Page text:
I Ate No Added Sugar For a Week & This is What Happened

I know for a fact that I consume WAY too much sugar voluntarily, something a lot of us are probably guilty of. I work at a coffee shop where lattes are constantly throwing themselves at me, and as a college student, what better incentive to come to a club meeting are free donuts or cookies? I am in no way an unhealthy person, in fact I just finished my journey doing hot yoga for 30 days straight. I know however, that just exercising does not make a person healthy. Good health is just as much in eating a balanced diet as in physical exercise. All of this led me to decide to do an unnatural sugar detox for a week.

With my love of ice cream and chocolate I knew that the week was going to be a challenge, and there was a possibility of having some slip-ups along the way. I also know that as a person who likes to challenge myself I believed that I had enough discipline, and that this was going to be a fun experience. I am a disordered eater and one of the goals of this project was to make me think about how I can be more conscious of what I’m eating, in a constructive and healthy way.

It was not that I was trying have the unrealistic goal of eating absolutely no sugar for an entire week, because hidden sugar is everywhere from pasta sauce to protein bars. My goal was to find foods that use sugar for adding moderate flavor: such as in the pasta sauce, but not the cookies. With my disordered eating past, I just didn't want to get too obsessive, but I did want to be more conscious.

Lesson 1: Meal prep

In order to eat like this, one must well prepare for the week ahead. I went to the grocery store and bought ingredients for a week of clean eating, which included carbohydrate items like oats, whole wheat pasta, tortillas, grape nuts and sweet potatoes. I bought veggies like carrots, peppers, onions, zucchini, squash and tomatoes. I adore fruit so I bought a lot of it, such as strawberries, pineapple, apples, bananas, and grapes. Lean meats included chicken and ground turkey.

Protein bars are my favorite. Seriously, sometimes they’ll be a meal substitute for me. I know that’s not healthy as are the unrecognizable ingredients that comes in them (maltitol? what even IS that?). So I made my own protein balls from scratch that could act as a yummy snack for me in between meals!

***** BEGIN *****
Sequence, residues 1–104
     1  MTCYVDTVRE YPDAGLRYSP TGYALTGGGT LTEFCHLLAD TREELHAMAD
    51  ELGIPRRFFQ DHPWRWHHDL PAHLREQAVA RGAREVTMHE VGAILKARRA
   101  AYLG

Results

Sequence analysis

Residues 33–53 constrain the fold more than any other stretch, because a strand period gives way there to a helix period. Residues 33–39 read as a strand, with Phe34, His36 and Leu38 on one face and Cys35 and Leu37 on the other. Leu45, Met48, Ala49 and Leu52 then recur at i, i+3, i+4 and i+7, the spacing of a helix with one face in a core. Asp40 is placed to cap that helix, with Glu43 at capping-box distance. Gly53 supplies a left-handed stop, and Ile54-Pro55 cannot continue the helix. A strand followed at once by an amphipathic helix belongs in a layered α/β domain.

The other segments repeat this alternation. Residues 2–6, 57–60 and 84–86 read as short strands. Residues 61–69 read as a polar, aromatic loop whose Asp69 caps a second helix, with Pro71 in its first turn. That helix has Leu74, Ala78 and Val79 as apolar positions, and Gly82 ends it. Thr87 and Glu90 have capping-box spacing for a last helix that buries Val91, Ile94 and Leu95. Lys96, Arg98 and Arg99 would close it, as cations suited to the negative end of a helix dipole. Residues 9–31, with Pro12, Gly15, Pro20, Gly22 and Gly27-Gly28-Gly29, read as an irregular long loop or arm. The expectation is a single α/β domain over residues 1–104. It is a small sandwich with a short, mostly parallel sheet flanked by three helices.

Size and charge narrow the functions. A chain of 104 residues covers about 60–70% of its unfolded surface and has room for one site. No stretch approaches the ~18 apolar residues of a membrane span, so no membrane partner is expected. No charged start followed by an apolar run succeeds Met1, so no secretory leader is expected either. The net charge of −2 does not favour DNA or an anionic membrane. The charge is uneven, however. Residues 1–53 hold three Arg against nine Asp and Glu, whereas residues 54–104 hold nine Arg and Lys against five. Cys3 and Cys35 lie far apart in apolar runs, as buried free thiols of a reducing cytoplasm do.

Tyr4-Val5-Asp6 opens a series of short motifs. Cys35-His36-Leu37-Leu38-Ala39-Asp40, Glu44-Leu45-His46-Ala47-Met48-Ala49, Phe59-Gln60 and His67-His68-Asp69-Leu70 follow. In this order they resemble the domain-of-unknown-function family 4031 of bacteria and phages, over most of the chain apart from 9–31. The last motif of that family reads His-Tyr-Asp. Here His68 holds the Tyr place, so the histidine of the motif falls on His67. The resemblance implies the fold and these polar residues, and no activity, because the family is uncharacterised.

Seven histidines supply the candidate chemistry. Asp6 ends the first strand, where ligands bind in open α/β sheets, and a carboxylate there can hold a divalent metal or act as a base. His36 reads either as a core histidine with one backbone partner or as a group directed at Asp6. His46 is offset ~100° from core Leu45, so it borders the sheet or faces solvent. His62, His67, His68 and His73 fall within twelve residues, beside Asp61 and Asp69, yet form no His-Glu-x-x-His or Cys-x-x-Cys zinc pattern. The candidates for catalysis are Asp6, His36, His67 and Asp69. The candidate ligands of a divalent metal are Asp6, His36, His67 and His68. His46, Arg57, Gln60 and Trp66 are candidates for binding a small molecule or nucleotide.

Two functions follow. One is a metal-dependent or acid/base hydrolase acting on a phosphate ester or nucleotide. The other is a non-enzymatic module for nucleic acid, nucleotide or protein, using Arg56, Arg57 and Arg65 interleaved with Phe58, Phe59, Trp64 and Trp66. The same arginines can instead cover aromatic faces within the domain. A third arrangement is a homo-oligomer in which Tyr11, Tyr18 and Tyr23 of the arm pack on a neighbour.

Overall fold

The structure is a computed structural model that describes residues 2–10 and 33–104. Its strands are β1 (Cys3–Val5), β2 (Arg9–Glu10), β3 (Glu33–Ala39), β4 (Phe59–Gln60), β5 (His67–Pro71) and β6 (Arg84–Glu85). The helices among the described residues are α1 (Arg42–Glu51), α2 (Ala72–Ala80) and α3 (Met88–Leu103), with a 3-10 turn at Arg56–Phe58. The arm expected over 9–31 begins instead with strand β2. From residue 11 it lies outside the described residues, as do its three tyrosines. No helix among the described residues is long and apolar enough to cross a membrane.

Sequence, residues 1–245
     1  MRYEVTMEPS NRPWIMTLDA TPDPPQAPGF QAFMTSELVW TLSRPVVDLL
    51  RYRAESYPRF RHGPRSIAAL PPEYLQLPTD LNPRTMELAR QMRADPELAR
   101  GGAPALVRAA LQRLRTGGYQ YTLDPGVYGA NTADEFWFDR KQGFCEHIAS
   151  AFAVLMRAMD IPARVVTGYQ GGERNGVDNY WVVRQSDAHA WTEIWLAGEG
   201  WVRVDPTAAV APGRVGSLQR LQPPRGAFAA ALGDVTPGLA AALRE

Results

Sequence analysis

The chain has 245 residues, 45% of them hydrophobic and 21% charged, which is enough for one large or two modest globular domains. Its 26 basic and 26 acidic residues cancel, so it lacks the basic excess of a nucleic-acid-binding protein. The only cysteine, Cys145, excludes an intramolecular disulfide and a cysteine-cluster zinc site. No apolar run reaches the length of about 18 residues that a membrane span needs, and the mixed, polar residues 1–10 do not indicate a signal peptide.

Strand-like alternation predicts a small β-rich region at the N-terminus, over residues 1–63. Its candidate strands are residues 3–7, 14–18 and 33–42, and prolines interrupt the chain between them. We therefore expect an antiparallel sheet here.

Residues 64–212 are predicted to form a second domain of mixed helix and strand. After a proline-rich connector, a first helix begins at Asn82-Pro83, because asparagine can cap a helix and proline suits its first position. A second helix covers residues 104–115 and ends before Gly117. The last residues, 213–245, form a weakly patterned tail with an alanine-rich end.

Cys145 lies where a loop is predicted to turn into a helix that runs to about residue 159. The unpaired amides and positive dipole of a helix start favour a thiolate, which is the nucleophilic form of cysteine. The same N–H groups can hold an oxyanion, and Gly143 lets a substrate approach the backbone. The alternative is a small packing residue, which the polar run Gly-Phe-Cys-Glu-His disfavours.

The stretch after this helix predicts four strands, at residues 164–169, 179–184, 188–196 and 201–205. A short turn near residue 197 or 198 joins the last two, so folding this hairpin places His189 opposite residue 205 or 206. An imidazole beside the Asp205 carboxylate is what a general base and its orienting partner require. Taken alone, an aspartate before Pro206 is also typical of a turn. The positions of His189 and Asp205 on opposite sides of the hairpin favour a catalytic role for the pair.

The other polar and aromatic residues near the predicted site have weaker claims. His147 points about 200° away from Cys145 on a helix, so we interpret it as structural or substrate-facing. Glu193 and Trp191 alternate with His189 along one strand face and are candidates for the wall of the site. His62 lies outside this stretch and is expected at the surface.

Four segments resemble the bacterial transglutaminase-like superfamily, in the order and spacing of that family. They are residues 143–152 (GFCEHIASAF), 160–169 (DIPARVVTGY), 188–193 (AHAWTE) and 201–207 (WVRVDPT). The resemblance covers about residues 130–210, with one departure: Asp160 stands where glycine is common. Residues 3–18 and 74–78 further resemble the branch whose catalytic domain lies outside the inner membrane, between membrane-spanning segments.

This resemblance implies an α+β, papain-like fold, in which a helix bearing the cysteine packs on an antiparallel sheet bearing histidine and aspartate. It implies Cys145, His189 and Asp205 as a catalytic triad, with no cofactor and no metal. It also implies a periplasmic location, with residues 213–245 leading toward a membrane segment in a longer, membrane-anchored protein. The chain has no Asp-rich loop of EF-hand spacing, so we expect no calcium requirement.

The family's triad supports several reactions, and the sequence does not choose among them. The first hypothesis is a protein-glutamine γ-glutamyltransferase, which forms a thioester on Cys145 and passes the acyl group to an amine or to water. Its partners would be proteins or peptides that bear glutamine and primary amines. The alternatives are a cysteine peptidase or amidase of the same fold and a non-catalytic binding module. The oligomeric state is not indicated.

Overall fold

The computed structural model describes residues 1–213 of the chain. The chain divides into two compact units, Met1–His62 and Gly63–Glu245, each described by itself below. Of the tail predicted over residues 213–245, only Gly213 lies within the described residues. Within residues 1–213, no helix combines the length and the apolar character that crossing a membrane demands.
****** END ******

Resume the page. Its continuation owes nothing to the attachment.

I also love muffins and found this great recipe for banana greek yogurt muffins, made with mostly natural sugar from fruit and honey.

Day 1: 5/1/17

Breakfast: Grape nuts with natural peanut butter, oatmeal, and half a banana

Lunch: Flatbread pizza with veggies and chicken

Snack: Home made Greek yogurt muffins and a black coffee

Dinner: Carrots and baked chicken with sweet potato fries

Dessert: Strawberries

Day 2: 5/2/17

Breakfast: Grape nuts with natural peanut butter, oatmeal, and half a banana

Midmorning snack: Black coffee and greek yogurt muffin

Lunch: Pita bread and veggies with grilled chicken

Snack: Other half of apple, granola bar

Dinner: Whole wheat tortilla with red peppers, chicken, spinach, sweet potato

Day 3 5/3/17

Breakfast: Grape nuts with oatmeal, natural peanut butter and half a banana

Snack: Power bites

Late Lunch / Early Dinner: Veggie mac n cheese made with whole wheat pasta, cauliflower, butternut squash, carrots, almond milk and (of course) cheese

Post-dinner late night snack: Carrots and Greek Yogurt muffin

Day 4: 5/4/17

Breakfast: Grape nuts with natural peanut butter, oatmeal, and half a banana

Snack: Greek Yogurt muffin and power bite

Lunch: Left over veggie mac n cheese

Dinner: Protein Waffles  

Today, I had a consultation with a Peer Health Educator at Cal Poly on the Health Enrichment Action team. She took a scan of my body and its weight, BMI, percentage of body fat, body fat mass, body muscle mass, and more. At the end of the meeting we decided that the goal is that I am looking to maintain, not lose or gain muscle mass or weight. When I’m looking for changes in my body, I should pay attention to my body in terms of change of muscle and fat mass.

My counselor told me to be balanced with my diet in terms of variety in food. She said I can’t limit myself to just eating two types of food (previously coffee and peanut butter). She said to experiment with what I like and what I don’t like, because this is how I will get all of my vitamins and nutrients.

Day 5: 5/5/17

Breakfast: Banana Pancakes  

Snack: Power bites

Lunch/early dinner: Tacos! (Happy Cinco de Mayo!)

Day 6: 5/6/17

Breakfast: Grape nuts with natural peanut butter, oatmeal, and half a banana

Snack: Power bites

Lunch/early dinner: Club sandwich with turkey, avocado, provolone, lettuce, pickles, and mayo

Dessert: Frozen fruit

Today I was reeeeeally craving dessert. I wanted something with sugar. I wanted ice cream. I wanted chocolate. So I went to the store and bought a bag of frozen mangos, and man were they delicious. I adore mangos, and so they made the perfect treat when I was craving sweets.

Day 7: 5/7/17

Breakfast: The usual

Snack: Powerbite 

Lunch/early dinner: Zucchini pasta and meatballs

Time management has been a big lesson for me this week, because preparing the different meals took so long. I had fun and learned a lot about eating healthy and making my own meals, but ultimately I think it’s unrealistic for most people to be able to eat so strictly on a consistent basis. I’m going to make a goal to eat a healthy and balanced diet but I'm not going to cut out any food groups or completely restrict myself from any particular foods. 

We’re so lucky to have the kinds of resources that we have for our nutritional needs, such as being able to visit the grocery store and get what we need to make a healthy dinner essentially in minutes. This week has definitely been a journey. I’m going to use everything I’ve learned for the future of my well being, and I hope that these lessons impact others as well.